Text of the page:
New developer, Andy Sztark, reconceptualizes the city-builder genre with Citystate. This title finds its roots in familiar genre heavy-hitters such as Sim City and Cities: Skylines, infuses it with socioeconomic mechanics, and serves up a unique dish that tastes like a Nation-Builder more than a city-builder.
As Planning Peeps is a community of practicing urban planners and in most cases, public sector planners working in local government, we thought it would be interesting to review the game in three categories: Concept, Authenticity, and Content.
The game is intended to allow the player to build a city (or a bunch of interconnected urban areas) from scratch. It uses the same formula of the earlier Sim City games (residential, commercial, industrial zoning) along with land valuation and density mechanics. At the beginning of the game, the player gets to design a flag and answer some questions about what type of nation is being established. Throughout the game, new legislative questions pop up that have ramifications on national approval ratings, economic output, and overall growth of your nation. Unlike Urban Empire which requires that players take all decisions to the City Council for approval, legislative decisions are just a click of a mouse on one of four options, each corresponding to a conservative-liberal slant of varying degrees. Over time, your decisions will change the type of government you have, may result in riots, shanty towns, etc. In a nutshell, the game allows you to create a nation to allows you to view your legislative decisions in real time. The concept is pretty simple to understand and it does deliver on that. From a comparison standpoint, the closest game that I could think of that is not just a city-builder but also a nation-builder with city-level mechanics is Urban Empire. If you like to be asked to address societal issues like a dictator (with threat of revolt, protest) and see how it would impact the city you created, then you should try Citystate. If you're looking the same thing but have a sick desire to twist the arms of politicians that make those decisions, check out Urban Empire (read our review). 3.5/5
From a public sector planning standpoint, the only thing that might be authentic is that the decisions you make will have the same reasonable impacts as they would have in real life. Also, the game requires economic diversity as in, you need to zone for agriculture, you need to prospect for minerals before building certain industries (steel mills, etc.), and you need to have an educated workforce to support more complex, higher-waged businesses and industries.
The game allows the player to zone land without street access which will in turn develop without access. This is a throwback to Sim City 2000 and 3000 which made for weird looking cities. The game also doesn't allow the player to build two lane streets and only allows four to eight-lane roads. Again, if the end goal is to force the player to maximize the land and do everything they can to be hyper-urban, then that makes a little more sense. However it doesn't allow the player to create cities in the usual form that they typically grow. Unfortunately, Citystate doesn't allow the player to create authentic looking cities, only mega-cities. Instead, it allows the player to create a nation of urban areas that all abide by the same legislative decisions of the player. That's pretty authentic from a basic urban policy perspective. 4/5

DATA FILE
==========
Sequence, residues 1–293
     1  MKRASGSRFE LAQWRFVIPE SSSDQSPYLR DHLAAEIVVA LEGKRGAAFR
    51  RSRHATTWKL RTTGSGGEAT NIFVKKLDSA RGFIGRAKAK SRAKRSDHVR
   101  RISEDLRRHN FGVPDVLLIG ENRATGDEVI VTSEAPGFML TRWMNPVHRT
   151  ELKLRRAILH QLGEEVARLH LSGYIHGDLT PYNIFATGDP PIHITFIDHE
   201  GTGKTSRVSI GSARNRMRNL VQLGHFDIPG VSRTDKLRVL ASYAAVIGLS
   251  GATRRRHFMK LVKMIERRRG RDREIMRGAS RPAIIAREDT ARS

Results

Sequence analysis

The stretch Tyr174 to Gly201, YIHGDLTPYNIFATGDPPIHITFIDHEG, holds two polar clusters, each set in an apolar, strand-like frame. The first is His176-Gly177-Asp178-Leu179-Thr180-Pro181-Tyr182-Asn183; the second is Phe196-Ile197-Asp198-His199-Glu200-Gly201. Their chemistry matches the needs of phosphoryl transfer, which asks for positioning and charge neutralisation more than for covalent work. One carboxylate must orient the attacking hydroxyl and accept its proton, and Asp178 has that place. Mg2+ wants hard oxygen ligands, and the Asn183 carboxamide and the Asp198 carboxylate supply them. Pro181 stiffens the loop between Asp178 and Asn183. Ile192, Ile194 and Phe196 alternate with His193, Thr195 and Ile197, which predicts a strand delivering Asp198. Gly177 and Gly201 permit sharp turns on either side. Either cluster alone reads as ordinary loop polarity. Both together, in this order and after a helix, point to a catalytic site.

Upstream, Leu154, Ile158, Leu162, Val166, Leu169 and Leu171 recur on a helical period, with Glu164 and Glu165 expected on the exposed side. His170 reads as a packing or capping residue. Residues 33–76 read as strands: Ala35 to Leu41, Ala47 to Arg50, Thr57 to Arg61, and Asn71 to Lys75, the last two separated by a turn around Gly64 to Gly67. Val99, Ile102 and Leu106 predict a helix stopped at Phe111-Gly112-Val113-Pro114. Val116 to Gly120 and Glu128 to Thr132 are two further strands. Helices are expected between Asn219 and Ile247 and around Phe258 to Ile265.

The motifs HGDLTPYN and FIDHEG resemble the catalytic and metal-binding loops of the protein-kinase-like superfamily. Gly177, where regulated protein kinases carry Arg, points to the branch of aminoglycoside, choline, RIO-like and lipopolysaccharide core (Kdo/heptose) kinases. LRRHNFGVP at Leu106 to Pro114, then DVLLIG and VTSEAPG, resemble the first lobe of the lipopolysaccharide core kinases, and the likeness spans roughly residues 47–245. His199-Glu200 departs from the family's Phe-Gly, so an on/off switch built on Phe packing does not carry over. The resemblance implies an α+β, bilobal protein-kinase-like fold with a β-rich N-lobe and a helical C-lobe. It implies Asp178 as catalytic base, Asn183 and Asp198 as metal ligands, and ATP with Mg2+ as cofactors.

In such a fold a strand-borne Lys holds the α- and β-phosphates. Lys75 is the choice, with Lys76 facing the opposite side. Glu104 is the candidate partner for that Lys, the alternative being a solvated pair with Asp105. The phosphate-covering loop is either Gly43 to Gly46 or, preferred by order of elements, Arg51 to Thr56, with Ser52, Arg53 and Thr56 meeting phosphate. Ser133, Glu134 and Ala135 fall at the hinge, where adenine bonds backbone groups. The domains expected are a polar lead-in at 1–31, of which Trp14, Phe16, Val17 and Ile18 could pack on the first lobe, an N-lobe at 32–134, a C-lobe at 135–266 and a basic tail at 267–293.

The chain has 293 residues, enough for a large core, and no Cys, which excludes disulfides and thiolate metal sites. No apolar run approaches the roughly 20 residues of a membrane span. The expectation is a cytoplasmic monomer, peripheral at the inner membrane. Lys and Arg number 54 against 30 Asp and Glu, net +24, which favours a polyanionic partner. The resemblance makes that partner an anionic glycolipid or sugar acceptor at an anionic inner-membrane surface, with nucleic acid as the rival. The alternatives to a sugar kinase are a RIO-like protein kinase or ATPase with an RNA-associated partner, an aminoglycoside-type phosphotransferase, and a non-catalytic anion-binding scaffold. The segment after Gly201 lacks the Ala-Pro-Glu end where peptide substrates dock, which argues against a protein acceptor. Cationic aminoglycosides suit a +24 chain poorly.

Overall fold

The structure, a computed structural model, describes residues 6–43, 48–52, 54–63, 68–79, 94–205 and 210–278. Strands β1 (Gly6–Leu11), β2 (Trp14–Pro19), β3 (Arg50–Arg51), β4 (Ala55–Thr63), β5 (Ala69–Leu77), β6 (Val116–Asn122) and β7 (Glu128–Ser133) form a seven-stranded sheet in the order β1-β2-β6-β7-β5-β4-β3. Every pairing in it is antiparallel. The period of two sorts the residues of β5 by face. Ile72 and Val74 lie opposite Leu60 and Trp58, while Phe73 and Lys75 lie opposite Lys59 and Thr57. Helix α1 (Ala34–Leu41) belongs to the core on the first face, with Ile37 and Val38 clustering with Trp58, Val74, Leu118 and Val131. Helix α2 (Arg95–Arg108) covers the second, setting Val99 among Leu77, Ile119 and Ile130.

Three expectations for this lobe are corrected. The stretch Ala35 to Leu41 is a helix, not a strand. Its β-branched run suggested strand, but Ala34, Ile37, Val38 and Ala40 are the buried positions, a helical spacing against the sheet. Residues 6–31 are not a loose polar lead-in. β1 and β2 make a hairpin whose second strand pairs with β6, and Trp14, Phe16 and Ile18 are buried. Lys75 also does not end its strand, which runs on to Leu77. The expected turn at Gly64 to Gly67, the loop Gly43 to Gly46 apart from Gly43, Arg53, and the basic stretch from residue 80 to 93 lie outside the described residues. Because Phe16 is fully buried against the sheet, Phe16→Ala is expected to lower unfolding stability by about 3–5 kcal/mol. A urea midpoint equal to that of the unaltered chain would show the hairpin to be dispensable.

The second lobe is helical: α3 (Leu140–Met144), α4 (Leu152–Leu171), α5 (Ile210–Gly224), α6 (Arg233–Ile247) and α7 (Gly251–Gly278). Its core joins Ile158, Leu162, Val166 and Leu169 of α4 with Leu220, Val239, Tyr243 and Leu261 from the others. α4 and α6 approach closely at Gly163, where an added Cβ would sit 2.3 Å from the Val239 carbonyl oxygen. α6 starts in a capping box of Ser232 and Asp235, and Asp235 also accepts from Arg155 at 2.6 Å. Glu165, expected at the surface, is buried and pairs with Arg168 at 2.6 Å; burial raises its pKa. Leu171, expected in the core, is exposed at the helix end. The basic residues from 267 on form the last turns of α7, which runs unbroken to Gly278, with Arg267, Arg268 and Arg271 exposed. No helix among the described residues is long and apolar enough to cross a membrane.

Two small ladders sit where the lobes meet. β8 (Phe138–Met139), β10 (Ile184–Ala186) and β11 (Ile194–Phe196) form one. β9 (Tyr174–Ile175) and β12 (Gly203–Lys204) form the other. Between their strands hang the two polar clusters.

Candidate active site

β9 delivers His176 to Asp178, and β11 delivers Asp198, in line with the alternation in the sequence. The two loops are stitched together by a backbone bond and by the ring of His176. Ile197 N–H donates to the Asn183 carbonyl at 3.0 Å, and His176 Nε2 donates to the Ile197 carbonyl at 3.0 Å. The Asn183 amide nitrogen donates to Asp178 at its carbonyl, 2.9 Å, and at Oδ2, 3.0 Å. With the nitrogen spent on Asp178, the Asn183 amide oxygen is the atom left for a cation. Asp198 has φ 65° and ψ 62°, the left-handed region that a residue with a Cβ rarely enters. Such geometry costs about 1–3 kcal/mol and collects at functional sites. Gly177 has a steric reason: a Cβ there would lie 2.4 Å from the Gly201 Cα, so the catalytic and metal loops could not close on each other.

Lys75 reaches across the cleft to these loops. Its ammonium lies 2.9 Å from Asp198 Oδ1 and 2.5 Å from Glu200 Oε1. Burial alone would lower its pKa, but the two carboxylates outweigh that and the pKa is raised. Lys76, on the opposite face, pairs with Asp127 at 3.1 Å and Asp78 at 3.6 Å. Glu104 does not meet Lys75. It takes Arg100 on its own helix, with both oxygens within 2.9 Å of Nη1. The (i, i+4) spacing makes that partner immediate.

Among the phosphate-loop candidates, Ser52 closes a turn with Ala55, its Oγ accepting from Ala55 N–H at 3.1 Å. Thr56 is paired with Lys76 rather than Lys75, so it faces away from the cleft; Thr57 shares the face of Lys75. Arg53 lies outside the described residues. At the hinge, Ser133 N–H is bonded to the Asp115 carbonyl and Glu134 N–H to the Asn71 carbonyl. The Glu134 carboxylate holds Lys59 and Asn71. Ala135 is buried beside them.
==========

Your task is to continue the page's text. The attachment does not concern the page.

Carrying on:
Citystate continually adds new updates and content, so that's a plus. Out of the box, however, the game has a lot of build embargoes of things like universities and government buildings until a certain population is reached, and a high population at that. This compels the player to just build, zone, build, zone and then fast forward until the population grows. Visuals of the game are okay if you're used to the older games. It is nowhere near as pretty as Cities Skylines, but that's okay too. It is essentially a basic 3D version of the text based nation builder MMORPGs. Where it lacks in visuals, it makes up in other areas. Being able to zone for seaports adjacent to industrial zoning is pretty cool, though. The game has a lot of potential, either through ongoing updates, Steam Workshop mods, or sequels. 3.5/5
Citystate provides a new take on an established and difficult to enter genre. Players can build beautiful, sprawling cities, but it isn't done in a vacuum. Real issues arise that can make or break your nation. Citystate is the political compass test of city-builders, it is the player behind the scenes planning the cities of Capitalism II (only real gamers will get this reference). It is the type of game that someone obsessed with cities would make, and then refine, and refine, upon receiving constructive feedback from its fans. Citystate is a good game, I'm convinced that Citystate II* will blow all others out of the water.
Urban Empire was released by Andy Sztark on 2/22/18. The game retails for $14.99 on Steam.
*Citystate II is not in the works, just a fantasy :)
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